Cat People, Strippers and Telekinesis: Tales From Alien Abductees | Raw File | Wired.com
Alien abductions make for a good sci-fi plot devices, but it’s easy to forget that we walk among people — in the real world — who claim to have been visited, beamed up and probed by little gray men.
New York photographer Steven Hirsch, 63, has met many of these people face to face. He visited this year’s International UFO Conference to meet, photograph and interview people who avow close contact with extraterrestrials.
“I don’t want my audience to have any preconceptions about these people before they see my images and read their words,” says Hirsch of his Little Sticky Legs project. “My interviews barely break the surface of what is going on in their lives … or in their minds.”
Hirsch, who has freelanced for the New York Post for 18 years, makes a habit of shooting fringe members of society and gleaning their thoughts. Past subjects have included those leaving the Manhattan Criminal Court Building and Crustypunks in the parks of NYC.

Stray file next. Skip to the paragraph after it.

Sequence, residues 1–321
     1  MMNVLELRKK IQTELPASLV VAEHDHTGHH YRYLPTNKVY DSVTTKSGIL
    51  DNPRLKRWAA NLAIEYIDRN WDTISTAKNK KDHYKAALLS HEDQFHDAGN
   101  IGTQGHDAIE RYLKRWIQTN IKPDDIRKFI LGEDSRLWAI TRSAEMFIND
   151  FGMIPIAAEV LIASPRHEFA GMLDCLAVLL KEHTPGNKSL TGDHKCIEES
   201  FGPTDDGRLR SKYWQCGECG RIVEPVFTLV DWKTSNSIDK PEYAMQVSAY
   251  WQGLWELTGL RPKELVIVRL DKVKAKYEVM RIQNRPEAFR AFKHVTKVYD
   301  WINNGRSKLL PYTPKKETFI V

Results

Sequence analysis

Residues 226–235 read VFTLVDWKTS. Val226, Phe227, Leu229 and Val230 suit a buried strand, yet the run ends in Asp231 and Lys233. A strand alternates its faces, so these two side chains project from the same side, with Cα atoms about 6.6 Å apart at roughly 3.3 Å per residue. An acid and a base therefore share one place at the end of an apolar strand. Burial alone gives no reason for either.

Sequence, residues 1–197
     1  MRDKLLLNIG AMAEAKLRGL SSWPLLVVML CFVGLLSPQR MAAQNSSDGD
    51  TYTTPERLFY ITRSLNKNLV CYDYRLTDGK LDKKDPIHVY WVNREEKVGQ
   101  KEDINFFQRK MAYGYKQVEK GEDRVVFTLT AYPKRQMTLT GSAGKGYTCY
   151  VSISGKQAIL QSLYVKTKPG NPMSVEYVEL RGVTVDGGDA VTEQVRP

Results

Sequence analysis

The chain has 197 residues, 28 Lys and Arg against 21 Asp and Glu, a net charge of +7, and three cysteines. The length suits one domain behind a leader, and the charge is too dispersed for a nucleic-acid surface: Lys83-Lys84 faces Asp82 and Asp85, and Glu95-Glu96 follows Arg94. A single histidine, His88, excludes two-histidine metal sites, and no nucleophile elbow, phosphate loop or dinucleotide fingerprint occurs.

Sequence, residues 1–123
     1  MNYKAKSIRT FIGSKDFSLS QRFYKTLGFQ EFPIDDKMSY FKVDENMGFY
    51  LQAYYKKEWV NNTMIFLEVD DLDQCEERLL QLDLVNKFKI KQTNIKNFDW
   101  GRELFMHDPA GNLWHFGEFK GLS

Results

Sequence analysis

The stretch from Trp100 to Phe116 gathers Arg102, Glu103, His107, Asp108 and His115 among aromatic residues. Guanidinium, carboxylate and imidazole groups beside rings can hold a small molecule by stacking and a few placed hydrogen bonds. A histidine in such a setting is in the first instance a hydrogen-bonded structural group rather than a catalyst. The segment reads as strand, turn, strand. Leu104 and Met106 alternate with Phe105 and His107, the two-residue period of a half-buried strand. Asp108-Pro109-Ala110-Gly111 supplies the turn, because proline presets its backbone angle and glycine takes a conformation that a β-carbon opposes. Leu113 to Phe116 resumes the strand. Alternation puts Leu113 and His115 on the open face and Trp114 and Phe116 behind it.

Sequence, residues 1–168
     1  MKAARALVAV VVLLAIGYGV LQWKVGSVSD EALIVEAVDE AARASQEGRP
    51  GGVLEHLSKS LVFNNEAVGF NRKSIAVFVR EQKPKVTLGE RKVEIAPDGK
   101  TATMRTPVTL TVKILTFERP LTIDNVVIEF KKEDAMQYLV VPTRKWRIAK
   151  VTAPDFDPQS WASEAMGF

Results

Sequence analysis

For his profile photos and interviews, the fast-talking New Yorker actually shuts up and listens.
“I’m not an analyst, my questions are not intended to find answers but to allow people to tell us their stories. Courthouse Confessions, Crustypunks and Little Sticky Legs are all about storytelling. Their stories, not mine,” says Hirsch. “We’ve become desensitized to the TV sound bite. With these projects we can stare at the picture. Stare into their eyes. Feel their angst. It’s a very simple approach. There’s no distractions.”
Reports of alien abduction are a relatively new phenomena, with regular accounts emerging only in the 1960s. Estimates on the number of abductions vary wildly, from millions (unlikely) to thousands (more likely). It’s safe to say there are hundreds of reported cases in any given year.